April 25, 2011

Time to Rest

From my Girlfriends in God devotional this morning:

I have always loved music and began taking piano lessons at the age of five. I will never forget that first piano lesson with Mrs. McKenzie, a very sweet, elderly woman who played the piano beautifully. Her hair was slightly blue, her house smelled like lemon drops and she had clocks that chimed and rang every fifteen minutes. I was so excited and so ready to play the piano like my sister who played for our church worship services. Betty was an amazing pianist and I was desperately hoping that same musical ability filtered down to me.

"Let's get started," Mrs. McKenzie said. I climbed up on the piano bench, waiting for her brilliant instruction to begin. She placed a bright, red piano book in front of me and invited me to open it to the first page. I was disappointed to see only little, black pictures. Where was the music? Where were the songs? Mrs. McKenzie smiled as she patiently began to explain the musical symbols pictured in the book before me. I soon grew restless. "What's the matter?" she asked. "I want to play the piano, please," I sweetly responded. With a knowing smile, she said, "We'll get to that." I was not happy. On and on - for what seemed like hours, Mrs. McKenzie pointed to funny-shaped black symbols, named them and explained their meaning. I was not impressed. I just wanted to get my hands on that keyboard!

Sensing my impatience, Mrs. McKenzie pointed to one of the symbols on the page before me and said, "Mary, this small, black box is called a 'rest' and is one of the most important symbols in music." I simply did not care. It did nothing but sit on a page in useless and unproductive silence. I wanted music. "Do you know why rests are so important in music?" she persisted. Obviously, I had no clue. She then said something I remember to this day, "The music that comes after the rest is the most beautiful music of all." At the time, I did not understand the deeper meaning of those words, but life and time have illustrated their importance and their truth.

The best part of life comes after we rest in God. The most beautiful service follows time at His feet. Rest is a powerful part of our life song. Just as the rest in music prepares the listener for what comes next, time spent in rest is an invaluable time of preparation and restoration. Yet, we often buy the enemy’s lie that to rest is a waste. The psalmist disagrees when he writes: He makes me to lie down in green pastures ... He restores my soul... (Psalm 23:2-3). Now that word “makes” takes on a whole new meaning when it comes to God’s work in and through us. Understand that if we refuse to rest, the Father will “make” us rest. The good news is that time spent in rest is the prelude of God’s restoration power.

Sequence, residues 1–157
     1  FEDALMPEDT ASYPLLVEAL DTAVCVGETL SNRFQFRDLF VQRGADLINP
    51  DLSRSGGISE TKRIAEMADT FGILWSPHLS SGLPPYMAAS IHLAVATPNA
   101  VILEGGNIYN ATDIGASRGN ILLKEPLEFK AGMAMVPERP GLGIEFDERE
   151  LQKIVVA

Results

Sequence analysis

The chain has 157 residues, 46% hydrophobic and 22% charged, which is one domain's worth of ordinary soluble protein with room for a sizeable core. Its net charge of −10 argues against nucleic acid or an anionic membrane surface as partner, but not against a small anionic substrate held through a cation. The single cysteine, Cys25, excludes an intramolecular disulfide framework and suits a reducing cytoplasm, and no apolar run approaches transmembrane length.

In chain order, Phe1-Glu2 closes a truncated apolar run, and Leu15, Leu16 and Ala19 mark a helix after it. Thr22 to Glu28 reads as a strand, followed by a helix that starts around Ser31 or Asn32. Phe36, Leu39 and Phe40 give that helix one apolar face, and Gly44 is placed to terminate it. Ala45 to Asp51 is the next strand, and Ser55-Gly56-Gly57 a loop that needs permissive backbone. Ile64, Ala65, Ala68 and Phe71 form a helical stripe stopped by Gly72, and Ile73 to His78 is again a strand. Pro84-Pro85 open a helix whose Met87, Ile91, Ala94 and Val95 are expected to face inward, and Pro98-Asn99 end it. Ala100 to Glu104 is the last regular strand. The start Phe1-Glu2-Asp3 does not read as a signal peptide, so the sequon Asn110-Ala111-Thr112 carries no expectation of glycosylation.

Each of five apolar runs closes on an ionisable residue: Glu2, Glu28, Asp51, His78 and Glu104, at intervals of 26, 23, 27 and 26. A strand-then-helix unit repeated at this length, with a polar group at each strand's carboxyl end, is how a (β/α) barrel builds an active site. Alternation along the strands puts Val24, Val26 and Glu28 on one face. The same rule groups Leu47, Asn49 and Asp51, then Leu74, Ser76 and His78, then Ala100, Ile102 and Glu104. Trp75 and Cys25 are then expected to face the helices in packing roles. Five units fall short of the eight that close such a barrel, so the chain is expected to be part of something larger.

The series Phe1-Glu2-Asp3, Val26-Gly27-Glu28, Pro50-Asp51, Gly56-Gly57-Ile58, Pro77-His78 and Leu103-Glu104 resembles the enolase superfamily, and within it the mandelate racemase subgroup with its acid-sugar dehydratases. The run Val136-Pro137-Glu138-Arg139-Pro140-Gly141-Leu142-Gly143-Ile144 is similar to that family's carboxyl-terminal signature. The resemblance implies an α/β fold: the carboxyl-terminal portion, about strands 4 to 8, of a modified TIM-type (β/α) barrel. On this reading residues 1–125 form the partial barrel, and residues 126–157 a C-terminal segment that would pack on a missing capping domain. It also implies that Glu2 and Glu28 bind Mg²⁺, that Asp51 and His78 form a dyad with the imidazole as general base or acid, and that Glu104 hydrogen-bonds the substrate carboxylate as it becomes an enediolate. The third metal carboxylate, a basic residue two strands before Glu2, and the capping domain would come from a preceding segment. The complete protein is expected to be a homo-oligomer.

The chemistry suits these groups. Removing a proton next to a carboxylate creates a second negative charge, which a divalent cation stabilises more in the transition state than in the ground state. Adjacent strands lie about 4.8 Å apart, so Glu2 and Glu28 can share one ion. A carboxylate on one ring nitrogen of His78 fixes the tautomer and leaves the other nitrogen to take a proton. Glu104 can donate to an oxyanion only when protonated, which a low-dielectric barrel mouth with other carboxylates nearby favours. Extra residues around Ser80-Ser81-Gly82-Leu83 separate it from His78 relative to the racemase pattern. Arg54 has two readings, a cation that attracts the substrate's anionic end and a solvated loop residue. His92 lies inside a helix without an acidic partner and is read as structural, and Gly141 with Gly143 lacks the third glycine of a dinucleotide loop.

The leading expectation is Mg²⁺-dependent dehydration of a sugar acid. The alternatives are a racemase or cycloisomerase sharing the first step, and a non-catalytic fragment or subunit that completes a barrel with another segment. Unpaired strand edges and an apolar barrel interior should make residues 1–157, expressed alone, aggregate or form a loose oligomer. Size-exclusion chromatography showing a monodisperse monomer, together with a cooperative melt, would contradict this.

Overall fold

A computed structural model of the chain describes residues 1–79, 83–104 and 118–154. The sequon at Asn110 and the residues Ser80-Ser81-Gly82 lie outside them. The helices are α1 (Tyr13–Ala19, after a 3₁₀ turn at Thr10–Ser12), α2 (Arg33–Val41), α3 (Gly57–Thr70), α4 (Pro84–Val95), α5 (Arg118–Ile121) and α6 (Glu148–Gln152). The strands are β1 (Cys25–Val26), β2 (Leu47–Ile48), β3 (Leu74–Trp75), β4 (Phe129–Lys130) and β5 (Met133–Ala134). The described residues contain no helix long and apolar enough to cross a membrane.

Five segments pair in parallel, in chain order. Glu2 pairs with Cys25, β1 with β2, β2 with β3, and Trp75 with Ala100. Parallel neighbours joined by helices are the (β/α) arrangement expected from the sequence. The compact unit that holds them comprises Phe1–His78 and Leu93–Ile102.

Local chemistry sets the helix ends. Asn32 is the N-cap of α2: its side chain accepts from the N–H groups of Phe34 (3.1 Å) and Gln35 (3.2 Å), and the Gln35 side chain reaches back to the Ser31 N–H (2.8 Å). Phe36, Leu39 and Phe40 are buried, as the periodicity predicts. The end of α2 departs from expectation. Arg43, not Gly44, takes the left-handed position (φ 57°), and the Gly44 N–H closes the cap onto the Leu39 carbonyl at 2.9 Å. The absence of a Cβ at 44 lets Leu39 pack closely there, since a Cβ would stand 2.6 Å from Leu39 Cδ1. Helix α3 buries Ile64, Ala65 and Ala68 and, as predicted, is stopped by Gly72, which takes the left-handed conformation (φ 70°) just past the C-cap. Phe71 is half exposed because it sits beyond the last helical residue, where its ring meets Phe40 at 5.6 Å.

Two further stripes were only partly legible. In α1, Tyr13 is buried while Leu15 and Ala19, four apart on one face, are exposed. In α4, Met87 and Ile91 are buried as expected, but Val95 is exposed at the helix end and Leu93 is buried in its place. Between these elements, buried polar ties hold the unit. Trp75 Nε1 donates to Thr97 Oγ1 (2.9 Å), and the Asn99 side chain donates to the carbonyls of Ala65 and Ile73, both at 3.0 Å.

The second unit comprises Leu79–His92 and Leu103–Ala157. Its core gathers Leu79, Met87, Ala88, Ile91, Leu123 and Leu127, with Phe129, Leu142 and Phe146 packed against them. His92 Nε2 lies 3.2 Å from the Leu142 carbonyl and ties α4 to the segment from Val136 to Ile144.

Time to rest.

April 22, 2011

If You Can't Say Something Nice

"I hate my legs."

That's the very first thing I think about myself when I see ANY picture of me that isn't from the waist up only.  I don't pay attention to the fact that I have a waist now.  I don't notice how blue my eyes look, or that my hair is AWESOMELY red.  I jump immediately to the negative.

I had a voice teacher once who used to stop me before I could even open my mouth before I came offstage from a departmental performance or even after finishing a run-through of a song in a lesson.  Before I could immediately say something like "Ugh, my phrasing was terrible there," or, "I totally cracked on the high note," she would say, "Okay! Name three things you liked about that before you say anything else."  She wouldn't offer a single constructive criticism, which, as my voice teacher, she was kind of being paid to do, until we talked about three good things about my performance.

I've found that I have kept that with me about my performing or even about my work day ("Well, today was a beating...but at least I finished A, B and C." Okay so I do it backwards, but I still mention some good things almost immediately). 

Why can't I do that about myself?  Why can't I look at a picture of me and say "My facial expression in that photo is awesome.  Look how long and pretty my hair is!  Wow, you can actually see that I have a waist! Go me!"  Instead, I let a picture of me completely ruin my evening and send me into a downward spiral of depression and self-loathing.

Will that ever stop?  Will I always be SO hard on myself?  I mentioned in the dressing room last night that I was really disappointed in myself for letting myself gain about 9-10lbs back after all the work I'd done and that I could really see it in the pictures.  One of my castmates said, "Mandy, do you know what you'd be saying to one of us if we were saying these same things?  You'd be telling us how awesome we look and to stop being so hard on ourselves." 

I don't have a problem building people around me up.  I love doing that.

So why can't I do that for myself? 

Okay, here we go...three nice things about myself:

1) I have lost over 30lbs and, with the exception of a minor setback, have kept all but the aforementioned 9-10lbs off.  I have realized this and ALREADY begun working hard to get back on the wagon.  I am making GOOD choices.  I have nowhere to go but down (on the scale, that is) if I keep it up. 

2) I am singing the crap out of my role in this show, and I love hearing more than just polite applause when I'm finished.  I get at least one "Woooooo hoo!" every night.  THAT is awesome.

3) I have really amazing hair.  It looks even better the longer it gets.  It's an awesome, natural color and it's healthy and soft and pretty. 

Maybe I should do this every day.  Maybe we all should.